small part of the entire body who are of us and with us

in the animus and spirit of our movement.

The great temple is finished! That which you have long
prophetically seen has been accomplished. The magnifi-

15 cent edifice stands a fitting monument of your obedience
and fidelity to the divine Principle revealed to you in that
momentous hour when purblind mortal sense declared you
18 to be in extremis. You followed unswervingly the guid-
ance of Him who went before you by day in a pillar of
cloud to lead you in the way, and by night in a pillar
21 of fire to give you light, and the results of such following
have been marvellous beyond human ken. As clearly
as in retrospect we see the earlier leading, we now discern
24 the fulfilment of the later prophecy, that "He took not
away the pillar of cloud by day, nor the pillar of fire by
night," for each advancing step has logically followed

the preceding one.

The great temple is finished! This massive pile of New
Hampshire granite and Bedford stone, rising to a height


of two hundred and twenty-four feet, one foot loftier than
the Bunker Hill monument, stands a material type of
Truth's permanence. In solid foundation, in symmetrical

Page 46

1 arches, in generous hallways, in commodious foyer and
broad stairways, in exquisite and expansive auditorium,
3 and in towering, overshadowing dome, the great structure
stands, silently but eloquently beckoning us on towards
a higher and more spiritual plane of living, for we know

that without this spiritual significance it were but a pass-
ing dream.

In the best sense it stands in prophetic verity of the

9 primary declaration of this church in its original organiza-
tion; namely, "To organize a church designed to com-
memorate the word and works of our Master, which should
12 reinstate primitive Christianity and its lost element
of healing." (Church Manual, p. 17.) To rise to the
demands of this early pronouncement is the work of true

Christian Scientists.

To preach the gospel and heal the sick on the Christ-
basis is the essential requirement of a reinstated Chris-

18 tianity. Only as we pledge ourselves anew to this demand,
and then fulfil the pledge in righteous living, are we faith-
ful, obedient, deserving disciples.
21 On this solemn occasion, and in the presence of this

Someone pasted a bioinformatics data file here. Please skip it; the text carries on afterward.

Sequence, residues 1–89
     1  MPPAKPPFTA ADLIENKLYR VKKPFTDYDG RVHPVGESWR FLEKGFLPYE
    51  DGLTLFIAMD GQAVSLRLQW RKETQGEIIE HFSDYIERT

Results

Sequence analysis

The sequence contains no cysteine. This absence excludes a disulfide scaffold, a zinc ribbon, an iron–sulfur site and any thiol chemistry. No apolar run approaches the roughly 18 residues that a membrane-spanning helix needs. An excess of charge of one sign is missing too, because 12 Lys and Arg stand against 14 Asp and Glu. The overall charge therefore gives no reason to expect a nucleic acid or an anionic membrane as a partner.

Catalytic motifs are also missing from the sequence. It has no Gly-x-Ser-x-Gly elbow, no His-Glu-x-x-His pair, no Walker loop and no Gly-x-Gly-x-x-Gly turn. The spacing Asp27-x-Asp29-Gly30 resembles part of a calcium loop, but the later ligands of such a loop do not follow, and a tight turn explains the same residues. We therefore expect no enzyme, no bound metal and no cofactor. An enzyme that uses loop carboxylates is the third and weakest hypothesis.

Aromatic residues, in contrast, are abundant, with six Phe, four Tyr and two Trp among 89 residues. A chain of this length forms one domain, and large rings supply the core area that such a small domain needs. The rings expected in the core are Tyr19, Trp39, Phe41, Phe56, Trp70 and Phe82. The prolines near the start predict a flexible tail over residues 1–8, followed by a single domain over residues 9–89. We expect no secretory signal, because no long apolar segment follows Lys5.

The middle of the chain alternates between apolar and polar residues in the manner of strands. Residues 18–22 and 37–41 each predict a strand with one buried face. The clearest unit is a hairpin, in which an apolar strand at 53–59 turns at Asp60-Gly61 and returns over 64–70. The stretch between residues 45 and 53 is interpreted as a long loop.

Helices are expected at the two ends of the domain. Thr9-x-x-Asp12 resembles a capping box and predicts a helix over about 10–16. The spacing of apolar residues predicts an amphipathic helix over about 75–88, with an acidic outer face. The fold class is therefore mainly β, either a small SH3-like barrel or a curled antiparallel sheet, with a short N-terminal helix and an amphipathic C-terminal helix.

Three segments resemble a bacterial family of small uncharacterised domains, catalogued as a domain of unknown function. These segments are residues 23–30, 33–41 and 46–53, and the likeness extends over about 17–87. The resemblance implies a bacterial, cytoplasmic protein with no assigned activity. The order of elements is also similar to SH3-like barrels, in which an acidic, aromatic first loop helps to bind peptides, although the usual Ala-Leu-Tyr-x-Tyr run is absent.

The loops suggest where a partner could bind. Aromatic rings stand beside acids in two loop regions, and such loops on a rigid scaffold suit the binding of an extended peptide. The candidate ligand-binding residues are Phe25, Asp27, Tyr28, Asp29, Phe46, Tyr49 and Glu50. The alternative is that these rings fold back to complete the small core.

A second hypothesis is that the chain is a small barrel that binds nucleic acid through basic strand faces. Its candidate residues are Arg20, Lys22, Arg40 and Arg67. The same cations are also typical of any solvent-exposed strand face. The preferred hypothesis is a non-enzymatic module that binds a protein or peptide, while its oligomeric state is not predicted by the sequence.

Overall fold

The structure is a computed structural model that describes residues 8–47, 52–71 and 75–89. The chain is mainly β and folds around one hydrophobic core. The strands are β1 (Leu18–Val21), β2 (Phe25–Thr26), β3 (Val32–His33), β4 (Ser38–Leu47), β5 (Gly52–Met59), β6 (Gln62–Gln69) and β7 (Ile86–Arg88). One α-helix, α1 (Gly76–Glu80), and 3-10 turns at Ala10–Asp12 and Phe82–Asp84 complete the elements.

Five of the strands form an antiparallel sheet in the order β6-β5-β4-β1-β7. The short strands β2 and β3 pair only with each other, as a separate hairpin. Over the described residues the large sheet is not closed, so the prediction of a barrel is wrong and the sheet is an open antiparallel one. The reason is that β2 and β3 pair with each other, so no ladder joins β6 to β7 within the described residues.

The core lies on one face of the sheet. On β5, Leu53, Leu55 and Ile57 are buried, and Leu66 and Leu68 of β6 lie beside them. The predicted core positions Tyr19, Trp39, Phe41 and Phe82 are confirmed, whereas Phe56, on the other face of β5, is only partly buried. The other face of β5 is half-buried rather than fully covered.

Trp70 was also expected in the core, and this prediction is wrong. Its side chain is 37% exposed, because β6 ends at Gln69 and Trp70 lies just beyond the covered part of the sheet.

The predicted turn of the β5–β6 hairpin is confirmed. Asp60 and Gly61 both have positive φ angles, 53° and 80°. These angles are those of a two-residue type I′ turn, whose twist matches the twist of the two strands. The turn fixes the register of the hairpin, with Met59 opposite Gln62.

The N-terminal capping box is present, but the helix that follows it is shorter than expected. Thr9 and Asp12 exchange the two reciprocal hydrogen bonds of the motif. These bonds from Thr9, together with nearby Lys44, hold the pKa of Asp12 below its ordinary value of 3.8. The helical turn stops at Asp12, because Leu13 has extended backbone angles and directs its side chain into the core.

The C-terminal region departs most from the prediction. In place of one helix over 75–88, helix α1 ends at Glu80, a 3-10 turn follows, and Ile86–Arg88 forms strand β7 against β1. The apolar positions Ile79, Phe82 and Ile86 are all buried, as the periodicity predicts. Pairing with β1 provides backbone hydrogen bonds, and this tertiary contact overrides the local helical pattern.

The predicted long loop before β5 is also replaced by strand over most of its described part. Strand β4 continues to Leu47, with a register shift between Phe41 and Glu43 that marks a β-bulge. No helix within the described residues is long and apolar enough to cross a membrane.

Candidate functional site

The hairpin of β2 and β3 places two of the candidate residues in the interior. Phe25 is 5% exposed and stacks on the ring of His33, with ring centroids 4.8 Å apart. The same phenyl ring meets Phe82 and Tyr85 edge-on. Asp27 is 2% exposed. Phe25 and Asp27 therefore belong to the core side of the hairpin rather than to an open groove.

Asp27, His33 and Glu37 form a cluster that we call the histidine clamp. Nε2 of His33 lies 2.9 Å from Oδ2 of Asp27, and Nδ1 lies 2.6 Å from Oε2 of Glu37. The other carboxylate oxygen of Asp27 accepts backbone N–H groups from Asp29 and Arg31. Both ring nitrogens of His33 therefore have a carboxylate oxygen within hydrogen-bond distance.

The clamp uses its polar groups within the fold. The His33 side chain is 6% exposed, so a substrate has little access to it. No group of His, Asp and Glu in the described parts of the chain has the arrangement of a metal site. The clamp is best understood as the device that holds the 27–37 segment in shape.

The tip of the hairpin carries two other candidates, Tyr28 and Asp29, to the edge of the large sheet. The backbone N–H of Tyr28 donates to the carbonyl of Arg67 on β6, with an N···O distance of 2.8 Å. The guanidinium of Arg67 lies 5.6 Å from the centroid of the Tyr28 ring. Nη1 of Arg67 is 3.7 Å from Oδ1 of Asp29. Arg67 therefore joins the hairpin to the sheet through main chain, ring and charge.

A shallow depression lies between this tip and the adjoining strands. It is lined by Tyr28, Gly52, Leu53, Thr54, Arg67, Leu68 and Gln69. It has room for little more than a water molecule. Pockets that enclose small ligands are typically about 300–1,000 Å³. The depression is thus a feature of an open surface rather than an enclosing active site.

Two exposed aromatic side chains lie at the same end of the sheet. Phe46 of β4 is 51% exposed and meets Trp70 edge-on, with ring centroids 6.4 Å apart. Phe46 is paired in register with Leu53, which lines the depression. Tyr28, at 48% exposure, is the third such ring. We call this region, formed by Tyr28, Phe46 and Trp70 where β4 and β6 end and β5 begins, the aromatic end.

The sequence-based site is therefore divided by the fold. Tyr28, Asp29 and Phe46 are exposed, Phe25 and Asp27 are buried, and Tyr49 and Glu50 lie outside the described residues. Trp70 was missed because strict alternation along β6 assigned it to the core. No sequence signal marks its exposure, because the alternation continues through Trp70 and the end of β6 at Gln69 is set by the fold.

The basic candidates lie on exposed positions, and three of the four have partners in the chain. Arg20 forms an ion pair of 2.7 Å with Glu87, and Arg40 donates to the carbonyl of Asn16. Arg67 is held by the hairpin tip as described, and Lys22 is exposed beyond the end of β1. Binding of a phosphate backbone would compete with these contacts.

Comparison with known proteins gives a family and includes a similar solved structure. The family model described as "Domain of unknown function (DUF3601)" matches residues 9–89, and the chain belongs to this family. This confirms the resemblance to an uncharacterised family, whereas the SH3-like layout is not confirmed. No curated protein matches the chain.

assembled host, we do hereby pledge ourselves to a deeper
consecration, a more sincere and Christly love of God and
24 our brother, and a more implicit obedience to the sacred
teachings of the Bible and our textbook, as well as to the
all-inclusive instructions and admonitions of our Church
27 Manual in its spiritual import, that we may indeed reach
"unto the city of the living God, the heavenly Jerusalem,
and to an innumerable company of angels, to the general

assembly and church of the firstborn."

BOSTON, MASS., June 12, 1906

Page 47


Report of the Clerk

Beloved Brethren of The First Church of Christ, Scientist,

3 in Boston, Mass.: - It seems meet at this time, when
thousands of Christian Scientists have gathered here
from all parts of the world, many of whom have not had
6 the means of knowing the steps by which this church has
reached its present growth, to present in this report a few
of the stages of its progress, as gleaned from the pages of

its history.

After a work has been established, has grown to great
magnitude, and people the world over have been touched

12 by its influence for good, it is with joy that those who have
labored unceasingly for the work look back to the pictur-
esque, interesting, and epoch-marking stages of its growth,
15 and recall memories of trials, progress, and victories that
are precious each and all. To-day we look back over the
years that have passed since the inception of this great
18 Cause, and we cannot help being touched by each land-
mark of progress that showed a forward effort into the
well-earned joy that is with us now. For a Cause that
21 has rooted itself in so many distant lands, and inspired so
many of different races and tongues into the demonstration
of the knowledge of God, the years that have passed since
24 Mrs. Eddy founded her first church seem but a short
time. And this little church, God's word in the wilder-
ness of dogma and creed, opened an era of Christian
27 worship founded on the commands of Jesus: "Go ye
into all the world, and preach the gospel to every
creature. . . . And these signs shall follow them that